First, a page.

Theft is a crime that can be committed in a variety of ways. If you want to steal anything from someone, you can break into their house or automobile, use the internet, or take it straight from them. Pickpocketing, as it’s often known, can involve stealing straight from someone. The New York Criminal Code makes it clear that pickpocketing is a serious felony, despite the fact that it may look like a minor violation. Pickpocketing is actually a type of major larceny. New York Penal Statute 155.30. That is a felony, so if you are found guilty, you run the risk of spending a lot of time in jail. As a result, if you have been accused of grand larceny by the person, take the accusation seriously and get in touch with a New York Grand Larceny from the Person’s Lawyer right away. They will give you advice and support throughout the entire criminal procedure.
Larceny is a sort of theft that involves taking something from its owner with the intention of permanently robbing them of it. New York Penal Statute 155.05. Almost anything of value, including cash or other personal property, can be considered “property” for the purposes of larceny offenses. Grand larceny and petty larceny are the two main categories of larceny in New York. A misdemeanor crime known as “petit larceny” is simply described as stealing someone else’s possessions. New York Penal Code 155.25. Grand larceny, on the other hand, is a crime. The value of the property involved is the primary distinction between petit and grand larceny in terms of the law.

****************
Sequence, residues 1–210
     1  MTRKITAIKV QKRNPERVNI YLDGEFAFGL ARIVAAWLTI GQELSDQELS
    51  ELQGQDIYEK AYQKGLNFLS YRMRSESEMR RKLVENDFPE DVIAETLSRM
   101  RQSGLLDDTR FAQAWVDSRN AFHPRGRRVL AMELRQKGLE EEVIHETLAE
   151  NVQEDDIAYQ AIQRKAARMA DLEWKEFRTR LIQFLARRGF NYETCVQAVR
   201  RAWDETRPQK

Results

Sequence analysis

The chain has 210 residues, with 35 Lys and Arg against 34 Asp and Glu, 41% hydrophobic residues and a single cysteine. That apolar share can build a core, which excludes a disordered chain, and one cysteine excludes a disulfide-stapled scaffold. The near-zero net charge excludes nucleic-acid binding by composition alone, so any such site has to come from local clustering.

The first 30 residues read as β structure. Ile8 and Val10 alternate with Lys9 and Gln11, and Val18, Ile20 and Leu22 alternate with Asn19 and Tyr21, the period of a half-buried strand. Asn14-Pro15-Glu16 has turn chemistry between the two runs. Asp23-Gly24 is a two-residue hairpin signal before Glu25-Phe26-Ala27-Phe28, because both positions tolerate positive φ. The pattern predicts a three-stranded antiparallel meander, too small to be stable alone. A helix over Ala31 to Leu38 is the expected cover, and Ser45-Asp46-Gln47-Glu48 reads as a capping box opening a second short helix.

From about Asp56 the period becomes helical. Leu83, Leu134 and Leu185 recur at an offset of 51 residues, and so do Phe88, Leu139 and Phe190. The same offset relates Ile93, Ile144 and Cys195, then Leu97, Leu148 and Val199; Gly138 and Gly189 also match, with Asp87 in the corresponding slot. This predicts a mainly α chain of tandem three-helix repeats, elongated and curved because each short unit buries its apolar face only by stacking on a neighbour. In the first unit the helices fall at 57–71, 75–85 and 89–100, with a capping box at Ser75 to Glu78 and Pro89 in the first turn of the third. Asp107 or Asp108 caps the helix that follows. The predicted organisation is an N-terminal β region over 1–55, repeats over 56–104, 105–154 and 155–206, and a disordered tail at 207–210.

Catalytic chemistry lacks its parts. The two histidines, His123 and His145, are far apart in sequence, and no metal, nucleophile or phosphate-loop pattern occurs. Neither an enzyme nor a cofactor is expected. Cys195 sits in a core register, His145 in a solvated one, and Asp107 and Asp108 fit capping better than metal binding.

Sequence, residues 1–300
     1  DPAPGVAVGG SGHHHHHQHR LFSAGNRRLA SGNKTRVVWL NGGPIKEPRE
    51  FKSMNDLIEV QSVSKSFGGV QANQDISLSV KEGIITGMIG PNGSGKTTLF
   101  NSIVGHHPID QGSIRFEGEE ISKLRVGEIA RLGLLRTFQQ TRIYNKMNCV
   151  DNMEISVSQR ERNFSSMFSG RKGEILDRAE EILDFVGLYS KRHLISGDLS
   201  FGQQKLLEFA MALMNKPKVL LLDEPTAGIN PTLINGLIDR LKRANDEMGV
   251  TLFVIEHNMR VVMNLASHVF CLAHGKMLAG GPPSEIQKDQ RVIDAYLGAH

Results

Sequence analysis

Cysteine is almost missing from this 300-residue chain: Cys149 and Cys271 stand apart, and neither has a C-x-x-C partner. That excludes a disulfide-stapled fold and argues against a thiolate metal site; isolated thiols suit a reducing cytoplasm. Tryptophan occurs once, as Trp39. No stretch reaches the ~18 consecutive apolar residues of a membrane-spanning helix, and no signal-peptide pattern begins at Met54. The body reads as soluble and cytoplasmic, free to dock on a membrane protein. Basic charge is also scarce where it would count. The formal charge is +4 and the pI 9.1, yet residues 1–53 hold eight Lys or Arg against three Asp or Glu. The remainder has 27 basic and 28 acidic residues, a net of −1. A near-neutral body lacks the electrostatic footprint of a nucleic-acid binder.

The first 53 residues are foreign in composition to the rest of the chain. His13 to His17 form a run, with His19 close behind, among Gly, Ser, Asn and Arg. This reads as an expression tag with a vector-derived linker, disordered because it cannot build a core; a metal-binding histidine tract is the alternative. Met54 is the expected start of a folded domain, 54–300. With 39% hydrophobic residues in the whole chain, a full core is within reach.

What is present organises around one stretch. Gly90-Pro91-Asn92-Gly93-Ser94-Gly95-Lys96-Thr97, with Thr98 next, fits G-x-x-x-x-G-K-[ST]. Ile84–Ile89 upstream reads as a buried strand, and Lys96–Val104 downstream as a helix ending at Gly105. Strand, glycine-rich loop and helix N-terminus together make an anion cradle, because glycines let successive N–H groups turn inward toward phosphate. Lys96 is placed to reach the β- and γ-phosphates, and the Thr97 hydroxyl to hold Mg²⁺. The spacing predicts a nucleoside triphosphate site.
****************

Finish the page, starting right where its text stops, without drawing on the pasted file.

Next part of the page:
Related Topic – NEW YORK GRAND LARCENY IN THE FIRST DEGREE
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Related Topic – NEW YORK GRAND LARCENY IN THE FOURTH DEGREE
If the value of the stolen property is small, a charge of petit larceny will normally be brought. Nonetheless, there are several circumstances in which the theft of a low-value object will result in a large larceny charge rather than a petit larceny prosecution. One consideration would be whether the victim was directly targeted during the theft. For instance, if you take $25 worth of stuff from someone’s person, you can face felony charges rather than misdemeanor ones. Even if there is no actual violence or injury, the law treats crimes involving such close proximity to another person that there is a high risk of violence or injury very seriously.
Because of this, theft from a person while engaging in larceny will at the very least result in a charge of grand larceny in the fourth degree, a Class E felony. New York Penal Statute 155.30. If found guilty, you might spend up to four years in prison. NY Penal Code Section 70.00. If the value of the property taken is greater than $3,000, the charge could be upgraded to grand larceny in the third degree. New York Penal Statute 155.35. Grand larceny in the second degree will be charged if the amount surpasses $50,000. N.Y. Pen. Law § 155.40. It does not matter that you did not know the value of the item that you took.
A wallet or other item being taken from someone’s pocket is not the only definition of grand larceny in the fourth degree. It refers to robbing someone outright of their property. Hence, you may also be charged with grand larceny from the person if you steal their handbag, purse, backpack, or briefcase. Additionally, the victim need not have been immediately aware of the offense in order to be charged with fourth-degree larceny. In reality, most pickpocket victims are unaware that something has been taken from them until long after the crime has already been committed.
If you have been charged with grand larceny from the individual, for example, you may risk years in jail if you have been suspected of stealing. It is crucial to get experienced advice because your future is on the line.